Unless you have lived behind the Black Gate of Mordor, the Barrier of Gion Snò, or behind the Wall Sina so far, you are surely aware of Shingeki no Kyojin and its enormous success with critics and worldwide audiences.
In case you are part of that remaining part of humanity (…) and you don’t even know if this stuff is edible, here are the basic coordinates to reach the series (…)
Attack on Titan is one of the most famous and acclaimed shonen manga series of recent years, with all due respect to other action manga such as One Punch, My Hero Academia and the old One Piece.
Where exactly to start?
Why do audiences and critics like AOT so much?
Why does it inspire half the world of cosplayers to greet every comic fair?
Why is the anime adaptation by WIT Studio absolutely amazing?
We go by order and by degree. Or, at least, let’s try.
Shingeki no Kyojin tells the story of Eren Jeager and his two childhood friends, Armin and Mikasa, forced to live in a patently militaristic apocalyptic world, in which humanity is on the verge of complete extinction, constantly placed under the threat of enormous man-eating giants, whose origin is shrouded in the deepest mystery. We don’t know where these huge beings come from, we don’t know how long they can live, we don’t know what they feed on, we don’t know why some stop moving at night and others don’t.
Virtually nothing is known. And this is the beauty of SnK.
These titanic beings seem to have no interest in other life forms in the rest of the world. In fact, it seems that they devour men only and exclusively for the simple pleasure of killing them, as if these gigantic beings were natural predators of the human race.
To protect themselves from these menacing anthropophagous titans of varying heights, which makes them genuinely terrible enemies, humans have built outside controlled territories, which include cities, villages, but also forests, lakes, Elysian fields and snow-capped mountains, a huge triple walls over fifty meters high: the Wall Rose, the Wall Maria and finally, the Wall Sina.
In this dark and violent world, which is very reminiscent of the dark age, man does not completely renounce his dreams of freedom and establishes, consistently with this feeling, a military research and exploration group for the areas outside the walls . His task is to discover the origin of the giants, study them (if possible), kill them (if possible), capture them (if possible) and free (if possible) new habitable areas for mankind. A thankless task.
To this canvas, Isayama finally adds the element that sets in motion all its complex structure and makes the whole work take off, making the otaku of SnK from half the world anxious: the clearly “shonen” character of the entire production . The fearsome devouring giants can be killed only if hit in a specific area of their deformed and asexual body, about one meter long, placed at the base of their hairless nape. Preferably, using a sharp weapon that removes this portion, such as when cutting a slice of watermelon.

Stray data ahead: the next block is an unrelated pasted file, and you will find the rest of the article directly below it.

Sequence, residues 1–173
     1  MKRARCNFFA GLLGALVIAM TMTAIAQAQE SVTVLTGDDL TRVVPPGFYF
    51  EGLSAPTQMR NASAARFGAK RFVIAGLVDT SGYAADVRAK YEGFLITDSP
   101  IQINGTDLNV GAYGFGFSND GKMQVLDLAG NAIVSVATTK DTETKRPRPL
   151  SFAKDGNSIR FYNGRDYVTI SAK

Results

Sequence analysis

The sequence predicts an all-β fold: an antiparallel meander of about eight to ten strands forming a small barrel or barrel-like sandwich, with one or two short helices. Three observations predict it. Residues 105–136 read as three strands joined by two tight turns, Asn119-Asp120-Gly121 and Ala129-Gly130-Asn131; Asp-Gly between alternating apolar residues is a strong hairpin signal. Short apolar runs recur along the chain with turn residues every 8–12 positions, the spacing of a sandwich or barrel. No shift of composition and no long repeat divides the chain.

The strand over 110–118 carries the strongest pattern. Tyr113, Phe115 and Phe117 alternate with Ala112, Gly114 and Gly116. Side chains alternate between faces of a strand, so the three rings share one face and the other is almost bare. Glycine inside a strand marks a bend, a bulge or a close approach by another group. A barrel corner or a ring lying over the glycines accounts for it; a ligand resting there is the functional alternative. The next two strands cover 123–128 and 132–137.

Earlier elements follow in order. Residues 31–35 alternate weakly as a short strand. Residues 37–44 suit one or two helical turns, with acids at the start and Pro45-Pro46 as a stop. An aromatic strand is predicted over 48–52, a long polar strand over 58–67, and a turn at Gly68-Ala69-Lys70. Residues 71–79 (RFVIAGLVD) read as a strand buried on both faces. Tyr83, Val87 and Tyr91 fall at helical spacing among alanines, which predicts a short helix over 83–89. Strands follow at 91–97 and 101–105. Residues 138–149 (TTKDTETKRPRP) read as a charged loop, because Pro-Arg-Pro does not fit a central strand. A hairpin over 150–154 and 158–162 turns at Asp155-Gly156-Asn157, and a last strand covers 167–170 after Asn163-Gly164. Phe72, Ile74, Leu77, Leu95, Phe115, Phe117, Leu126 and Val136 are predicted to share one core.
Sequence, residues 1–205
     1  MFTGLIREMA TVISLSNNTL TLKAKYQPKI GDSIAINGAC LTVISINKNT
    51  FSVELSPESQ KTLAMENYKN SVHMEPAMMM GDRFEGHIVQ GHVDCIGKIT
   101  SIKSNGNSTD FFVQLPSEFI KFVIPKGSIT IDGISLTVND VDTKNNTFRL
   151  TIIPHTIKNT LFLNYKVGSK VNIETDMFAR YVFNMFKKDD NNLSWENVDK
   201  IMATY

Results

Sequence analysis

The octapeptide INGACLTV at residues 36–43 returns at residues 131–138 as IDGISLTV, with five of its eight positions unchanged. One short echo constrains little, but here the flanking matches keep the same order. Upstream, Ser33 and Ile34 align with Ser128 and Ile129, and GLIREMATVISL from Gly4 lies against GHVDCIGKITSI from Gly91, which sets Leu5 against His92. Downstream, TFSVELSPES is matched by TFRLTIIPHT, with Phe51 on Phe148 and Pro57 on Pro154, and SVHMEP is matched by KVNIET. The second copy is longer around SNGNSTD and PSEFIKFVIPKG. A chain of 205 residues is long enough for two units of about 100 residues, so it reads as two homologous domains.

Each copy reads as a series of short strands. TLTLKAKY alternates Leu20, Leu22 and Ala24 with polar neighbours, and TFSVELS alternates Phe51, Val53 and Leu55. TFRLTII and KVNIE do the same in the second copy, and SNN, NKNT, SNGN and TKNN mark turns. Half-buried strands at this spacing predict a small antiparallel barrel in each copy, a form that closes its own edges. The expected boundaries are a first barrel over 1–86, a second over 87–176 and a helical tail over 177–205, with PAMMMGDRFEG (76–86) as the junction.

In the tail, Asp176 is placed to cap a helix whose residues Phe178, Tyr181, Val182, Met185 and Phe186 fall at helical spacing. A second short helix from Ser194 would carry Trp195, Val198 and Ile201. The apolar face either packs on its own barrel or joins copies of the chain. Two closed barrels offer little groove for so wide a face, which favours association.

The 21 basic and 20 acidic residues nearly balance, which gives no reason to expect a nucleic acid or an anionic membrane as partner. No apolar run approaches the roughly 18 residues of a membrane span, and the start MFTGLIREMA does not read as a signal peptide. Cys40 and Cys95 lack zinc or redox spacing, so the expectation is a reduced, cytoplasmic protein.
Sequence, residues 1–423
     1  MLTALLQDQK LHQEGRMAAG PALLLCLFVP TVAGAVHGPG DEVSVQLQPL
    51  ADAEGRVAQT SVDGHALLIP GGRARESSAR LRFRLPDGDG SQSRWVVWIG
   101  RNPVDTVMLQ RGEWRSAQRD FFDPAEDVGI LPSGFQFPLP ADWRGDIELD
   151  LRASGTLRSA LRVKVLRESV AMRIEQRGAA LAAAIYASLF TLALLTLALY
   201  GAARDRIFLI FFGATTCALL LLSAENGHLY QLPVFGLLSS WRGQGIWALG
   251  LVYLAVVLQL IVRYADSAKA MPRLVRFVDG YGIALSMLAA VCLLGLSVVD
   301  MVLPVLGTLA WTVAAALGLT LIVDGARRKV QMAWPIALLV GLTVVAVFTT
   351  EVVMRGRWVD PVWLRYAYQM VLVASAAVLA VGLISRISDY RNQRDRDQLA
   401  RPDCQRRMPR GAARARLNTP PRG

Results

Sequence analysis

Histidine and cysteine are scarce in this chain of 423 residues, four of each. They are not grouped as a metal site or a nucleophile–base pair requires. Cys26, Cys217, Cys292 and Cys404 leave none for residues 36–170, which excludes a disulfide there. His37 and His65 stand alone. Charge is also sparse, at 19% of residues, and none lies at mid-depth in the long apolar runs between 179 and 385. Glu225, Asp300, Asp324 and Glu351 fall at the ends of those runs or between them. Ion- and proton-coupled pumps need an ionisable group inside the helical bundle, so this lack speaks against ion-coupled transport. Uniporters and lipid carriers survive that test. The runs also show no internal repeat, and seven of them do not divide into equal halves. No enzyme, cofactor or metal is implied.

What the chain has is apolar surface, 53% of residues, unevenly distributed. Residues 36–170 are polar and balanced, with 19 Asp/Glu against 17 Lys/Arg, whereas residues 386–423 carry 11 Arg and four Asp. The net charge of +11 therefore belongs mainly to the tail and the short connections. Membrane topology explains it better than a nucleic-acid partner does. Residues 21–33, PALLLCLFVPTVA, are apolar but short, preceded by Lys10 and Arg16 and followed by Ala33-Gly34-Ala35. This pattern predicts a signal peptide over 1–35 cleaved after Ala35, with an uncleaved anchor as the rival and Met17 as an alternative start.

To carry out this pindaric action, the expeditionary force is then equipped with complex three-dimensional maneuvering mechanisms, called ATM, a sort of harness of belts and metal that essentially shoots cables complete with a harpoon, through a particular propulsive system. This contraption allows them to attach themselves to solid surfaces (such as walls or tree trunks) and makes them skilled flying samurai, projecting them into clear and bleached skies, and then having them demolished ruinously on the hills of these authentic physiological havoc. Here is the bullshit, in short, otherwise the manga would not have sold fifty million copies all over the world, and also, it would not thrill cosplayers around the world. Let’s face it honestly.
With these acrobatic premises, done very well in the anime series, less so in the paper counterpart, for dynamic lines and rather poor screens, Eren and the other members of this sort of team for the salvation of humanity – it is up to you to discover the peculiar events that lead our dynamic trio to be part of it – they begin their final fight against the giant cyclopean. Together with their friends and fellow cadets, they fight, die and suffer, in what immediately appears to be a very inequitable and disproportionate battle for forces on the field. A fierce conflict, apparently without end, against an invincible, numerous and unstoppable enemy.
The first thing that strikes you in the manga is the man’s condition, pitiful to say the least. He doesn’t really have any situation under control, he makes enormous efforts and sacrifices and hardly ever gets concrete results. He dies and suffers, achieving no apparent benefit. He is highly unmotivated, scared and often unsuitable for any task assigned to him. Protagonists included (small exception for Mikasa, the girl from the hero group).
“Heroes are heroes only in words”, says an old poem from the late medieval period.